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Real reasons to skip milk

Real reasons to skip milk
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Whether you have a legit allergy, you’re vegan, or you just want to avoid it, you might be fooled by some of the foods that contain dairy.

With food allergies on the rise and so many people switching to plant-based diets, it’s no wonder dairy sales are down. People need – or choose – to avoid dairy for a variety of reasons, says Dr Purvi Parikh, allergist and immunologist with Allergy & Asthma Network. A true milk allergy, the body’s reaction to a protein in cow’s milk, can be life-threatening. Others have lactose intolerance, which means your body lacks an enzyme that helps you digest dairy products; this causes stomach upset and may give you diarrhea, but it’s not deadly. Still, others choose a vegan lifestyle that precludes dairy for health reasons or because they want to avoid all animal products.

How milk hides

How milk hides
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Whatever your reason for avoiding dairy, it’s not always as simple as avoiding milk and cheese. A lot of dairy ingredients make their way into foods you’d never expect to find them in, like non-dairy creamer (really). “Reading labels is so important because these items may appear in foods you would not suspect,” says Bonnie Taub-Dix, a registered nurse and creator of BetterThanDieting.com and author of Read It Before You Eat It: Taking You from Label to Table. In addition to scanning ingredient lists for any form of milk, cheese, or butter, she says, also keep an eye out for casein (a milk protein that can provoke allergic reactions), caseinate, lactate, lactic acid, lactalbumin, and lactylate. Ingredients are listed by weight, so the higher on the ingredients list they appear, the more of them a product contains (important for people who can tolerate small amounts of dairy). Wonder why you’re always bloated after a meal? Dairy might not be the only cause. Here are other causes of belly bloating worth considering.

Margarine

Margarine
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It’s supposed to be an alternative to butter, but margarine, and in some cases shortening, can contain lactose, says Taub-Dix. This might not be an issue if you’re only using small amounts, but when baking, where larger quantities are called for, it’s best to avoid. Margarine, which is often made from soybean oil, may also contain added whey or casein ingredients for flavouring, adds Julie Stefanski, a dietitian. “If you’re avoiding dairy due to an allergy, steer clear of any butter substitutes that have cow’s milk ingredients,” she says.

Protein shakes

Protein shakes
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“Many packaged protein shakes and bars contain whey as a primary or secondary protein source,” says Gena Hamshaw, author of the vegan recipe blog The Full Helping and a dietetic intern at Columbia University in New York. Whey, a by product of cheesemaking, contains lactose and can trigger milk allergies. It’s also found in many protein powders. Find the convenience of a protein drink too good to pass up? Try these other simple protein sources worth adding to your diet.

Bread

Bread
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That restaurant bread basket may not be dairy-free even if you keep away from the butter. Whey is often added to commercial bread and bread mixes as a “flour conditioner,” says Hamshaw. “It’s also worth saying that many lactose-free products do contain casein,” she says. “This makes them suitable for people with lactose intolerance, but those with true dairy allergies do need to read labels carefully.”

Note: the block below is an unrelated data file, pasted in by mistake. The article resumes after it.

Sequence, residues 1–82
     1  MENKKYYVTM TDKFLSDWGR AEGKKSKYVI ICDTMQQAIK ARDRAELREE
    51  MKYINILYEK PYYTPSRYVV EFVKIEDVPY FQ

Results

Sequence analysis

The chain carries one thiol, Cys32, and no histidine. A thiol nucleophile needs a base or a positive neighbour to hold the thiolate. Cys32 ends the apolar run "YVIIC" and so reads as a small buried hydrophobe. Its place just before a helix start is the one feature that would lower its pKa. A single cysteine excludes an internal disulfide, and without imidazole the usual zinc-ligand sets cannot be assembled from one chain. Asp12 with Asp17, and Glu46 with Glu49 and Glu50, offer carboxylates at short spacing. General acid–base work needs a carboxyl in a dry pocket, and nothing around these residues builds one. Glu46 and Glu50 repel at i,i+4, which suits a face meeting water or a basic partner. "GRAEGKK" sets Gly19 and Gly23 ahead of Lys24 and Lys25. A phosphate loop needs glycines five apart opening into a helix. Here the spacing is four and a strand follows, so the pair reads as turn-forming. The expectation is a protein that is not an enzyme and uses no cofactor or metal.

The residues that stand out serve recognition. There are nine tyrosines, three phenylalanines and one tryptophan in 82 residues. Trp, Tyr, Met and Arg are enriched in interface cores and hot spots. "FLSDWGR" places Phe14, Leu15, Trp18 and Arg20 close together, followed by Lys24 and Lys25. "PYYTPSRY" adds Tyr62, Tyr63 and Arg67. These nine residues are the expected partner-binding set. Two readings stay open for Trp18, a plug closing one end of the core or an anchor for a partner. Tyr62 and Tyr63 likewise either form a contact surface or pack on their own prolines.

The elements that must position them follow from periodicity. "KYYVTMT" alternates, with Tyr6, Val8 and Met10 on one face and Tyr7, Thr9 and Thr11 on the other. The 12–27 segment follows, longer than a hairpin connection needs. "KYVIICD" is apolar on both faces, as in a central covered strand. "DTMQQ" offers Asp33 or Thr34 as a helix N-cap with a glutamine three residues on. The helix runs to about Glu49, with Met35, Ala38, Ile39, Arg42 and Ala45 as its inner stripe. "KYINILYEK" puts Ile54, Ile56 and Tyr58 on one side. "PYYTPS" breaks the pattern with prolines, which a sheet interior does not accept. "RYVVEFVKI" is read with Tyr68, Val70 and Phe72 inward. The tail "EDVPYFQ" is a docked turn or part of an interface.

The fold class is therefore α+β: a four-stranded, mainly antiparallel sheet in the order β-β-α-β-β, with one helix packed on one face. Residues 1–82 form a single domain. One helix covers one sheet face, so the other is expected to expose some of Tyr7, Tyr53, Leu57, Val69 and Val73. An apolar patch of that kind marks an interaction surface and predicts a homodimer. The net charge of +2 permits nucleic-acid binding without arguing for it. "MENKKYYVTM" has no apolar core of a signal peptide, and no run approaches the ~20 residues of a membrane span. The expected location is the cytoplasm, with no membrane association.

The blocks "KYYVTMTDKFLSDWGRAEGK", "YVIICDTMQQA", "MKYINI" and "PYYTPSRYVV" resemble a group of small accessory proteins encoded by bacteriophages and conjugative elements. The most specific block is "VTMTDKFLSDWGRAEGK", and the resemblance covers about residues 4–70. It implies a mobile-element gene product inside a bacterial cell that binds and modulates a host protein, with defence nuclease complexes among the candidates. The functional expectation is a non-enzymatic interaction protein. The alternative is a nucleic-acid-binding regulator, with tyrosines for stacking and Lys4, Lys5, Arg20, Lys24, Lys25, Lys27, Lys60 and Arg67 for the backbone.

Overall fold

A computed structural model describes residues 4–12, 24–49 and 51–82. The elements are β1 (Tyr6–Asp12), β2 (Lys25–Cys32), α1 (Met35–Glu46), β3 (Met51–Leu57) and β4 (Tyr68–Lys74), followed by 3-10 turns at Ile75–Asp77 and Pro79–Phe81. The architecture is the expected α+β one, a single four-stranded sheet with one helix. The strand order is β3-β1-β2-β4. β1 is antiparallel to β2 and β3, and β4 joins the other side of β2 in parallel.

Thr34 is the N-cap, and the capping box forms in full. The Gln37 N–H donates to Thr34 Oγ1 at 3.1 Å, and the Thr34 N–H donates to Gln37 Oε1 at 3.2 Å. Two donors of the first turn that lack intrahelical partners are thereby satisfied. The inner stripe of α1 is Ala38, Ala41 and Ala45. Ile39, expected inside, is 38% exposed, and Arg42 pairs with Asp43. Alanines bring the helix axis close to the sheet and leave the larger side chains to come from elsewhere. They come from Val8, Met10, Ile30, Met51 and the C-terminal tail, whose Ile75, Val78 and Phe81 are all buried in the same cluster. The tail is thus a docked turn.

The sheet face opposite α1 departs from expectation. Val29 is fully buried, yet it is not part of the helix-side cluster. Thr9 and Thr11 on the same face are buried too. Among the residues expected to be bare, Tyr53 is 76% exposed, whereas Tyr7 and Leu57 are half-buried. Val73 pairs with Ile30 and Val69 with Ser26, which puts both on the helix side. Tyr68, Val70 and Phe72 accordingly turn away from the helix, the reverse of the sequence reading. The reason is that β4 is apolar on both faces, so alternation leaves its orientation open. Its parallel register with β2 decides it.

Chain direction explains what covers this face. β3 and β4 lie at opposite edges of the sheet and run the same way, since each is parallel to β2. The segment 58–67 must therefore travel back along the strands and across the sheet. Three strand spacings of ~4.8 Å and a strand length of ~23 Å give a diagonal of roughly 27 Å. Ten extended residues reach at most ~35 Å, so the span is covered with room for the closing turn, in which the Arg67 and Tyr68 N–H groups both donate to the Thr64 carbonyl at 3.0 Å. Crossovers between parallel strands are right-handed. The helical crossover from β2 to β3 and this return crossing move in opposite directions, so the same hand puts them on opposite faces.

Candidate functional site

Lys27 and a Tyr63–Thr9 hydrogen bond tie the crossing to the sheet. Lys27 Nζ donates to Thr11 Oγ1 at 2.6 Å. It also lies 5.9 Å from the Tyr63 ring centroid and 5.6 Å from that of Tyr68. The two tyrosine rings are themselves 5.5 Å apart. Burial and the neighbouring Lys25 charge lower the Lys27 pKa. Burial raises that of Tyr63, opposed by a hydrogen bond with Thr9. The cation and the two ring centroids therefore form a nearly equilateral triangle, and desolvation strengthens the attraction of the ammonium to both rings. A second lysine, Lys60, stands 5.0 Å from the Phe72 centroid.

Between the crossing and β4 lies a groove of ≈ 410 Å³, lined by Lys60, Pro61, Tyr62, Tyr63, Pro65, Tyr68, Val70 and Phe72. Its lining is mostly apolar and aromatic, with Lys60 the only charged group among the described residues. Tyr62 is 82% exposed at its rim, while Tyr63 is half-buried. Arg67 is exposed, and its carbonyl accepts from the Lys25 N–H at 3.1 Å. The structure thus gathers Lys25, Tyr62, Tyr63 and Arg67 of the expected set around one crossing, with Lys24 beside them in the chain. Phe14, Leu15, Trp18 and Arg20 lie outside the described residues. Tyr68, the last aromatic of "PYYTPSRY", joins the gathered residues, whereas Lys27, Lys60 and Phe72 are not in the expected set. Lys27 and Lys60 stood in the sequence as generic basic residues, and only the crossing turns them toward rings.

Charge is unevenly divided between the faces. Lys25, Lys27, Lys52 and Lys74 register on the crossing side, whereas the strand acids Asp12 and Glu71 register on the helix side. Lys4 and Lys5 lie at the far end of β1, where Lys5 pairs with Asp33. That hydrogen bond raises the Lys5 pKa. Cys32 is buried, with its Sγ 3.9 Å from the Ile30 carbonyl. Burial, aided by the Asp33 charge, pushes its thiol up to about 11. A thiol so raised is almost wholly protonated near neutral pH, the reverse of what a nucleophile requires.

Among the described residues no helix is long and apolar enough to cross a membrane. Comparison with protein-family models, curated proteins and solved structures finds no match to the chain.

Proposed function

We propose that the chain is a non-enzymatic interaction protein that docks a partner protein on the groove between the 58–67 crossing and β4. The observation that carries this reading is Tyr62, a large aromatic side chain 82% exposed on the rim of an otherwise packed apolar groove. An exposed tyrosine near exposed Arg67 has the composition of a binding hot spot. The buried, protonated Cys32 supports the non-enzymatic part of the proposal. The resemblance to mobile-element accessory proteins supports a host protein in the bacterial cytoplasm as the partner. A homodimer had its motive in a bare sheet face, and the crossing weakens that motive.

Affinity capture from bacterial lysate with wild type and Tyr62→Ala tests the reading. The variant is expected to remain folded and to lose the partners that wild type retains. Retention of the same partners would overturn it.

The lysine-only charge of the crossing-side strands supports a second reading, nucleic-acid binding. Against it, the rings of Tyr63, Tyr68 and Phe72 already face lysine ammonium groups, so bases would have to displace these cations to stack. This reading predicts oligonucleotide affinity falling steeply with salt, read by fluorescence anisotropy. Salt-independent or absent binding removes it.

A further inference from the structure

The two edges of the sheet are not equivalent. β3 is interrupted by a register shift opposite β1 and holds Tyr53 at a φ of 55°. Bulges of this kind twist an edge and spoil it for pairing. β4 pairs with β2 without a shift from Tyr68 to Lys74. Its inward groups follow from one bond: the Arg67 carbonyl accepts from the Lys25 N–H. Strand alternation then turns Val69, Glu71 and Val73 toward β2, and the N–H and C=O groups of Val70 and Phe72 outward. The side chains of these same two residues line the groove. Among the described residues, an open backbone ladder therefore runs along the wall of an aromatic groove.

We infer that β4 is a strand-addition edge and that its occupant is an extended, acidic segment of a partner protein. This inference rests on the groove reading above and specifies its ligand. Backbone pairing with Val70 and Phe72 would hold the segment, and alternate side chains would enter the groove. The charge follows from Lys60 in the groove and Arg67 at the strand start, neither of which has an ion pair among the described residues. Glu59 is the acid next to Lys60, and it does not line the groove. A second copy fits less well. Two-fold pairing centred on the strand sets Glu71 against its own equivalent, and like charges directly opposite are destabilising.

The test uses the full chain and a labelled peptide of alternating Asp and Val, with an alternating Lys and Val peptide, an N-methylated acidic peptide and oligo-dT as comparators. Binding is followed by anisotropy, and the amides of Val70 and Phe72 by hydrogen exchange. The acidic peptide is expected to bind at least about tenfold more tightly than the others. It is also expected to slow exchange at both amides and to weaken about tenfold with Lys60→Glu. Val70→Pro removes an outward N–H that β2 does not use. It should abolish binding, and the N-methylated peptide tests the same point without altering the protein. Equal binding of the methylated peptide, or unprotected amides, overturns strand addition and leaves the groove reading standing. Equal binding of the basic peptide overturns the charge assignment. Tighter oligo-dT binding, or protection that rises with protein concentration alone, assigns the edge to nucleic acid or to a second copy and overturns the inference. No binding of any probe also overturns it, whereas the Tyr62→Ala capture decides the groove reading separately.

Crackers

Crackers
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The mix used to make crackers – as with other baked goods – may contain whey. Many crackers contain other sources of dairy to give them a buttery flavour and flaky texture, says Hamshaw. Look for some healthier snack options, and be careful to avoid these foods, which nutritionists won’t touch.

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Canned nuts

Canned nuts
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There’s more than one allergy in that tin. “Flavoured nuts are a minefield for those with food allergies, says Stefanski. “It’s important to always check the ingredients to discover what is in the coating. Label readers need to remember that food manufacturers have the choice to list the allergen in the ingredients or at the end of the ingredients – but not necessarily in both places,” she says. “So even if the statement at the end doesn’t list milk, you still need to read through the ingredients to find the key words.”

Vegetarian cheese

Vegetarian cheese
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You’d think cheese made from rice milk would be dairy-free – but you’d be wrong, says Stefanski. Some of these cheese alternatives have cow’s milk components added to them for texture or flavour. A safer bet, she says, is to choose a product labelled vegan.

Deli meats

Deli meats
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Bad news Paleo enthusiasts – even protein isn’t guaranteed to be dairy-free. Deli meats often add lactose and caseinates to their product, says Hamshaw. It helps bind the ingredients together (one more reason to avoid processed meats). A good workaround is to look for products with the kosher seal, which will be dairy-free.

Hot dogs and sausages

Hot dogs and sausages
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Like deli fare, these processed meats often contain milk derivatives to achieve the right texture. Look at the ingredients of even the brands labelled “all beef” and you’ll see a modified-milk product listed pretty high. Here are some healthier alternatives for grilling you may not have thought of.

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– The Reader’s Digest team